Published: February 8, 2014
Colorado Springs enjoys a connection to the 2014 Winter Olympics that no other American city shares. This is home of the United States Olympic Committee, the U.S. Olympic Complex, the Olympic Training Center, 20-plus governing bodies for Olympic teams, two international sports federations, U.S. Paralympics, countless Olympians and Olympic medal winners and more. We are the year-round home of America's greatest athletes.
The Springs is also blessed by the Colorado Springs Sports Corp., which brought a taste of this year's Winter Olympics kickoff to downtown with a bash on Friday that coincided with the opening ceremonies in Sochi. The event on Tejon Street featured an impressive list of elite athletes and other celebrities, along with death-defying snowmobile jumping, an 80-foot climbing wall and dog sledding. Television station KOAA TV (channel 5) broadcast the opening ceremonies on a 17-foot-long LCD TV. Downtown crowds also had the advantage of watching events on TV screens at beer gardens and in the Cripple Creek Vodka zone, sponsored by the Cripple Creek Chamber of Commerce.
Athletes signed autographs and residents ran a 1-mile fun run. It was another night to remember in Colorado Springs. It was the kind of night that makes Colorado Springs so special among America's 50 largest cities.
While watching the Olympics this year from the comfort of our homes or favorite bar stools, we should give thanks for the opportunity to host the USOC and governing boards that make Olympic participation possible for the rest of our country. The medals will be won in Russia, but much of the preparation took place right here - more than a mile high and at the base of Pikes Peak, America's mountain.
Hosting the largest chunk of America's Olympic organizational structure has never been a daunting sacrifice. Rather, it has been a privilege and an asset from the time the USOC relocated from New York to Colorado Springs in 1978. It has given the state and this community a cache other cities and states can only envy for now. New York, Chicago and a host of other great cities would love to lure the USOC and all other Olympics-related organizations from our community. They want what we had Friday night in the heart of downtown. They want friends, neighbors and colleagues who are directly involved in the world's most elite sporting event.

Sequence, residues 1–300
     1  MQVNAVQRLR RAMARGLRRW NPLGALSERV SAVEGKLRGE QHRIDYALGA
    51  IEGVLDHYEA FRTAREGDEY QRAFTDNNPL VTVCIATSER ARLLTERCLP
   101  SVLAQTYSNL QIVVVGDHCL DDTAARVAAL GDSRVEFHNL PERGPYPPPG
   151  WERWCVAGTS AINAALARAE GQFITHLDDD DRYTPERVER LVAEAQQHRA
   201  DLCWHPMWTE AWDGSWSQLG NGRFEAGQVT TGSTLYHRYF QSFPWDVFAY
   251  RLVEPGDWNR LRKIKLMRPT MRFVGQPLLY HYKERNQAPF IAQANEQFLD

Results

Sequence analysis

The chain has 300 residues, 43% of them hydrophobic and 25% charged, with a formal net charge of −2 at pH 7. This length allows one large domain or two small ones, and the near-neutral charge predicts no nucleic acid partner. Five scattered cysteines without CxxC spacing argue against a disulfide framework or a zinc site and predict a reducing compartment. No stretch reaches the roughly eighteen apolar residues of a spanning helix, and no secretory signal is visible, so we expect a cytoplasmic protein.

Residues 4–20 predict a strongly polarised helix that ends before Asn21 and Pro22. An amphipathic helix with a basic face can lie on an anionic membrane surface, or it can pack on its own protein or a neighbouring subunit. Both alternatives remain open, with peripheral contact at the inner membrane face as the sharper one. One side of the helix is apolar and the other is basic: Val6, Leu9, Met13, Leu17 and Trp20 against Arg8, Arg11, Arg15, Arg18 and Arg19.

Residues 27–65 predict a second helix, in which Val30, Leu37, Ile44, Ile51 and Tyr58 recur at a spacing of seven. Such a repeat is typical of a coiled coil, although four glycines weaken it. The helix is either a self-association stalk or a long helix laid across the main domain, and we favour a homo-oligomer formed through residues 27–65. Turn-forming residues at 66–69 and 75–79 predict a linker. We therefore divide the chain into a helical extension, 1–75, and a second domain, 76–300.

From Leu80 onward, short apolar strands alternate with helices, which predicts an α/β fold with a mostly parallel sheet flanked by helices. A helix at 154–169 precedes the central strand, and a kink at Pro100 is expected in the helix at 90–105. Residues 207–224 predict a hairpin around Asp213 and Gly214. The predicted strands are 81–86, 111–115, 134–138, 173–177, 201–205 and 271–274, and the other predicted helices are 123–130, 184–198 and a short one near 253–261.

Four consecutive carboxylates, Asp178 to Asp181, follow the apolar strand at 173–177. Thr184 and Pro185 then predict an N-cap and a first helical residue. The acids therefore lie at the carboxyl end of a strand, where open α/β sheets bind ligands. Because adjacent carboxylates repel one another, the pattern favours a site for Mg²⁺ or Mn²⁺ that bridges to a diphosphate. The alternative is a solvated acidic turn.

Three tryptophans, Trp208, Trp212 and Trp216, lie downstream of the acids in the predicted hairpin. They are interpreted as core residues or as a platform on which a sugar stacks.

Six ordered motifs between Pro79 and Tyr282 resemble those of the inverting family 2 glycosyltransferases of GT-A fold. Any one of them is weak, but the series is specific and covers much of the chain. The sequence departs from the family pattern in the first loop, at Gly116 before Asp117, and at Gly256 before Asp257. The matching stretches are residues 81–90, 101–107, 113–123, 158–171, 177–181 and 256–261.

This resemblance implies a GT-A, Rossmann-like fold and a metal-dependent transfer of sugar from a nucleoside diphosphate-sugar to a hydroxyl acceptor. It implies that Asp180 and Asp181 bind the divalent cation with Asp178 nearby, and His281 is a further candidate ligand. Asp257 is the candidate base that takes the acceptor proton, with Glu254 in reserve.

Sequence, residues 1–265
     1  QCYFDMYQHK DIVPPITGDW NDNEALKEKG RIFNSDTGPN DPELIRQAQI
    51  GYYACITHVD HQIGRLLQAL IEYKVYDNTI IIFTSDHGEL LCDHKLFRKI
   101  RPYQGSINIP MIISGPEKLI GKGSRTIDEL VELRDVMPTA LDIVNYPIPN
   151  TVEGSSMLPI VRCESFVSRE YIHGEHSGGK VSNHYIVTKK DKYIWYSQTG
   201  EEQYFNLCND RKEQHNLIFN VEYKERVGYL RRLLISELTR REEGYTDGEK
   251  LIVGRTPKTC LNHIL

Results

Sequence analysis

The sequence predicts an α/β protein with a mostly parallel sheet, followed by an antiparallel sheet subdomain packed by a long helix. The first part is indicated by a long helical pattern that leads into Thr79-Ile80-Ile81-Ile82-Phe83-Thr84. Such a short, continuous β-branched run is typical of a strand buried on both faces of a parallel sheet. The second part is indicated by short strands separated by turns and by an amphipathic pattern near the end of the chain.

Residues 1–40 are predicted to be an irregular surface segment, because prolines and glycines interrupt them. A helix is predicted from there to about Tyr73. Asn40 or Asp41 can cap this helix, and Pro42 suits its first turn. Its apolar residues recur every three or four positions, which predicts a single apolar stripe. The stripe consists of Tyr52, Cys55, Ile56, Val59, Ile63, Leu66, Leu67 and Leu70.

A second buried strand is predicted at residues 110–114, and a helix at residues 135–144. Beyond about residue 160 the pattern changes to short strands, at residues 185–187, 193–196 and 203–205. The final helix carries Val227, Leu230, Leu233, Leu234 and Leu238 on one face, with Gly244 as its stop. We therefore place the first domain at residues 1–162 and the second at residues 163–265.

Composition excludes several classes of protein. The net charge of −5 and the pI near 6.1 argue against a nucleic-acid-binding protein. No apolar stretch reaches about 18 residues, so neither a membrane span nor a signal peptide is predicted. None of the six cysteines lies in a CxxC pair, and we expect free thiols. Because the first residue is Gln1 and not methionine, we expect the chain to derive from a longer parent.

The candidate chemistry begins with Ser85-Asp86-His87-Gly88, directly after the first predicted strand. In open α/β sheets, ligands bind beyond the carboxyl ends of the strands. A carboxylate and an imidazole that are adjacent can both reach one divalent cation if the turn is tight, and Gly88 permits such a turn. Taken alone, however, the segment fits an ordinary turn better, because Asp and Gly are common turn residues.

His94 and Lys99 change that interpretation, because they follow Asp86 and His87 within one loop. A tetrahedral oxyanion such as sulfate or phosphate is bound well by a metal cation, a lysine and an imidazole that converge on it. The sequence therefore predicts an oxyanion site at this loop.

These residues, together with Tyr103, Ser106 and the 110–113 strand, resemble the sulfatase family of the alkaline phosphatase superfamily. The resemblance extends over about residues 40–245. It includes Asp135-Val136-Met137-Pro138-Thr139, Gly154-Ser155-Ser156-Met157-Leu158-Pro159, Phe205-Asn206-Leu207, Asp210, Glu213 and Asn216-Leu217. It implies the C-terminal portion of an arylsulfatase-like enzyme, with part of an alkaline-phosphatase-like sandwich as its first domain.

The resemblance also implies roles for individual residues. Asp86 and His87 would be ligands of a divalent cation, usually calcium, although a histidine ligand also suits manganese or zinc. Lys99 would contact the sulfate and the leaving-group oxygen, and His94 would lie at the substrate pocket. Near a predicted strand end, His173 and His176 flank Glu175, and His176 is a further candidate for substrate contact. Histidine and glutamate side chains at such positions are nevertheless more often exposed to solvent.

The Olympics are a symbol of human achievement and what is right with humanity. They symbolize youth, health, vitality and the rewards of pushing our limits. They remind us that countries can join together for friendly competition, setting aside differences to share culture and appreciation of achievement.
Going forward, our community should embrace the American Olympic community with joy and gratitude. We should constantly find ways to show our athletes, coaches and Olympic executives why this is the finest place in the United States to train and prepare for future competitions.
This is not just some ordinary place, similar to other cities of a half million people. It is a community that admires excellence and attracts champions from around the world. Let's take that to heart this year while enjoying the 2014 Winter Olympics. Following the lead of the world's great athletes, let's strive to improve. Onward and upward, Colorado Springs.